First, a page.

Great Attractor

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Related to The great attractor: Shapley Supercluster

Great Attractor

A large concentration of mass that is detectable only by its powerful gravitational pull on our Galaxy and its Local Supercluster. Redshift surveys in the late 1980s revealed that the peculiar motion of the Local Group relative to the microwave background was not due solely to the gravitational effect of the Virgo cluster, but also to large-scale structure just beyond the Hydra–Centaurus supercluster in the southern sky.

Great Attractor

[¦grāt ə′trak·tər]
(astronomy)
A great supercluster of galaxies and dark matter, approximately 150 × 106 light-years distant, whose existence has been hypothesized to account for the peculiar motions of galaxies, including the Milky Way Galaxy.
References in periodicals archive ?
A Dynamical Analysis of the Most Massive Cluster in the Great Attractor, Monthly Notices of the Royal Astronomical Society, 383, 445-457 Zheng, C.
Optimisation of the NIR Survey Strategy in Unveiling Galaxies in the Great Attractor.
An example of a galaxy in the nearby Universe undergoing galaxy transformation due to cluster infall is WKK6176, a jellyfish spiral galaxy near the centre of the Norma cluster at the Great Attractor (see below).
To further our understanding of the Great Attractor (GA), Woudt and Kraan-Korteweg have been involved in a deep near-infrared survey (with the IRSF in Sutherland) of the Norma Wall of galaxies; a highly obscured large-scale structure central to the Great Attractor, running nearly parallel to the Galactic plane.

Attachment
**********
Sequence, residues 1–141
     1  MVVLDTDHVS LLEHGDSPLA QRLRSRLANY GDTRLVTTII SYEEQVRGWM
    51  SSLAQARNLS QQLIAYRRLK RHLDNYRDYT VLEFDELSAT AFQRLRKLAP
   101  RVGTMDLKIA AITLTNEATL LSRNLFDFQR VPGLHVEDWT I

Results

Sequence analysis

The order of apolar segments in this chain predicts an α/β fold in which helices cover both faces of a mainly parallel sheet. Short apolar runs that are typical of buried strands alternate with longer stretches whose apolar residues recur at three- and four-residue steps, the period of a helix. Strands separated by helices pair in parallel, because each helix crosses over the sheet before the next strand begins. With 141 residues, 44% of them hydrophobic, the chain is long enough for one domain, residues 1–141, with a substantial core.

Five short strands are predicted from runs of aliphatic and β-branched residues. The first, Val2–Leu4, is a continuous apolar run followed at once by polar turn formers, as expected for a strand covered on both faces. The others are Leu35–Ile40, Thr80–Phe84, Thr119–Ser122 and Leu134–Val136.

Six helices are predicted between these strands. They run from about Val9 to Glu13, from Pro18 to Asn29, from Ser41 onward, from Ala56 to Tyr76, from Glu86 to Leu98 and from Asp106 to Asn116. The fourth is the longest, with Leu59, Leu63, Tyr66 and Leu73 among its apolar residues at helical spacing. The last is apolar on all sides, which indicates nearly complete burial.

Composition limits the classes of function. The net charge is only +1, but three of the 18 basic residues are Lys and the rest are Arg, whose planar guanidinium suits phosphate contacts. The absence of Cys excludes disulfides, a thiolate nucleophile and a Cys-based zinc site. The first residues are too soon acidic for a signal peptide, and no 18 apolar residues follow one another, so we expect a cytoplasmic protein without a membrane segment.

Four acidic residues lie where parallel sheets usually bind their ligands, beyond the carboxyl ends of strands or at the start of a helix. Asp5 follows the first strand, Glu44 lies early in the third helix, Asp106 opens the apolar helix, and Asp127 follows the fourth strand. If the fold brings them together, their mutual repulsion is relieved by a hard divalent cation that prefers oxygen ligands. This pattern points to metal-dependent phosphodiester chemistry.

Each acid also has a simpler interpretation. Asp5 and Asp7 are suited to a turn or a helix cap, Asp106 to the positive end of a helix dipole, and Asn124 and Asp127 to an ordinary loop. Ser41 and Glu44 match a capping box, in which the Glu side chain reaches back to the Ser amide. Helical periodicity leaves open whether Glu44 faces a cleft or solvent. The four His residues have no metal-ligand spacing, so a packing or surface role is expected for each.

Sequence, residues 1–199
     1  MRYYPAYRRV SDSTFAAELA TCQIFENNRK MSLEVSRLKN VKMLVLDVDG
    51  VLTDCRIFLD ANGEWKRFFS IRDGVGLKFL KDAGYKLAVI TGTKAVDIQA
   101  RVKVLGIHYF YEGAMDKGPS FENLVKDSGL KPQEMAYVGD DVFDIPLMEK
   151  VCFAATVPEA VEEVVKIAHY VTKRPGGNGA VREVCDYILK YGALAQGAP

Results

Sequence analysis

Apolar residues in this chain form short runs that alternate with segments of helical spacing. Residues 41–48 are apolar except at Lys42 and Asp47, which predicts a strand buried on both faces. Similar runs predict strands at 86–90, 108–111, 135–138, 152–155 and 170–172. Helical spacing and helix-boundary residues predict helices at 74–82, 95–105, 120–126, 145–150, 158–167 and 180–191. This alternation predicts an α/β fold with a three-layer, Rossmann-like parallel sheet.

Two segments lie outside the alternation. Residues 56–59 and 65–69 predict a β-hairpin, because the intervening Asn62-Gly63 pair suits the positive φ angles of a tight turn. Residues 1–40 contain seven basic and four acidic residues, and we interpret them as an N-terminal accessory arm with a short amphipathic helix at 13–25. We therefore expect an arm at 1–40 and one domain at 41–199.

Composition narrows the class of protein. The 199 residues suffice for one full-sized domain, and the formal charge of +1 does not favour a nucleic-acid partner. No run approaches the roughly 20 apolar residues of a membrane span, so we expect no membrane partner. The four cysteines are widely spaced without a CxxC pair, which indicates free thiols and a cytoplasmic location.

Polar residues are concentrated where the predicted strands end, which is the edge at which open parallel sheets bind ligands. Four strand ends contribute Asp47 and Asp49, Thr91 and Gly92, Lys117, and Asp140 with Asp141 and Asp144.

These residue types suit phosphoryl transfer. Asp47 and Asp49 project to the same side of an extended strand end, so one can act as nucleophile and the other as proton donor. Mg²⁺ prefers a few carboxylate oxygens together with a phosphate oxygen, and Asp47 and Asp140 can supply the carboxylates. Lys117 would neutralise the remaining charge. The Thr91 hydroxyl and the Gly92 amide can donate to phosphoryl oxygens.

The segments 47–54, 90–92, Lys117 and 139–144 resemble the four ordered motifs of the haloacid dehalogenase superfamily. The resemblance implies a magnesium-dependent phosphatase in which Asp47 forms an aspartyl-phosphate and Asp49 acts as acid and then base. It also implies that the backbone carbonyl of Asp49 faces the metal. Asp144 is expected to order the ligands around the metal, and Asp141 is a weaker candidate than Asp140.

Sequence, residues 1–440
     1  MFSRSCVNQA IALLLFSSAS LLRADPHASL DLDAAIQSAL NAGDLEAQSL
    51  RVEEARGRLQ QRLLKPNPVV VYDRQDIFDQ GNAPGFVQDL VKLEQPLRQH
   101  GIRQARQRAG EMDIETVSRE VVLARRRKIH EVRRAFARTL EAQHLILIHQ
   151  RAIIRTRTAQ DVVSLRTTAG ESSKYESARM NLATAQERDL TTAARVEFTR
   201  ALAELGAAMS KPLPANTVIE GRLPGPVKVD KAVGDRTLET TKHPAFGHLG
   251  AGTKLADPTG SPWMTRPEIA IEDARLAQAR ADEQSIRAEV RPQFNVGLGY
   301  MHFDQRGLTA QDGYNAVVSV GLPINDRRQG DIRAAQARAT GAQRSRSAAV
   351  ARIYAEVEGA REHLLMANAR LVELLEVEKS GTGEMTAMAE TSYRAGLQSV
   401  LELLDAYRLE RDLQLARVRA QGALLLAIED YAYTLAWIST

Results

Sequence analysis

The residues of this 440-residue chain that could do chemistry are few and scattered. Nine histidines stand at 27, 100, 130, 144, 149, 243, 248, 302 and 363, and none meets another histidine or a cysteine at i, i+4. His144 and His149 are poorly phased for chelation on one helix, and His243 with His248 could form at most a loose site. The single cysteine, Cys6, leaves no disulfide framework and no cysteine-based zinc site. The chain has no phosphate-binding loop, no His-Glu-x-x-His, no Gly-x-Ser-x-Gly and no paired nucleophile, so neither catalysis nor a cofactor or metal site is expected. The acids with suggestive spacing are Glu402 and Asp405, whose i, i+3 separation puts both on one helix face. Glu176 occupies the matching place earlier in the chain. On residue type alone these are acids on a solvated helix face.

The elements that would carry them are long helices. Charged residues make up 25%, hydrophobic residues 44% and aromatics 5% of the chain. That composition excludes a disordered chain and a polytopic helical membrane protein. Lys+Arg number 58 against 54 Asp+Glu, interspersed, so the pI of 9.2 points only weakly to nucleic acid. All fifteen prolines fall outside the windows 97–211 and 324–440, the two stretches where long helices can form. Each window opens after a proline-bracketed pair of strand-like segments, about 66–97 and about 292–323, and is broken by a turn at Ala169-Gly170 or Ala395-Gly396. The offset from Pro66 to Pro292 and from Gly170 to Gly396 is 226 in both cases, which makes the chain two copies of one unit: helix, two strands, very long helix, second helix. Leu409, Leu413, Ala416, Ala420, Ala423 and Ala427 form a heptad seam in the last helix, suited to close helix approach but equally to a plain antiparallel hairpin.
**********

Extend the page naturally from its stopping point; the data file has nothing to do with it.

The resulting large-scale structures were investigated, in particular the boundaries of the Local Void (presented at an international meeting Sydney), a parallel arm to the Great Attractor Wall, and the possible connection of the Norma cluster to the Ophiuchus supercluster revealed.
Discovery of two galaxies deeply embedded in the Great Attractor wall.
Intriguingly a region of the sky directly opposite the Great Attractor, part of a cluster of galaxies known as Perseus-Pisces, also appears mountainous, revealing that it too has a higher-than-average mass density.
But Dekel suggests that the Great Attractor wins the tug-of-war, since the region between our galaxy and Perseus-Pisces lacks mass.
But that motion also suggests that one or several huge collections of matter, well beyond the location of the Great Attractor and residing somewhere outside the surveyed region, is pulling on the Abell clusters.
Burstein was a member of the international team of astronomers who first identified the large-scale galactic flow toward the Great Attractor (SN: 3/22/86, p.
Even the Great Attractor and the Perseus-Pisces region on opposite sides of the Milky Way are difficult to study, because dust surrounding and permeating our galaxy obscures the view in their directions.
There's also no evidence that objects in the Great Attractor region are themselves moving toward the supercluster.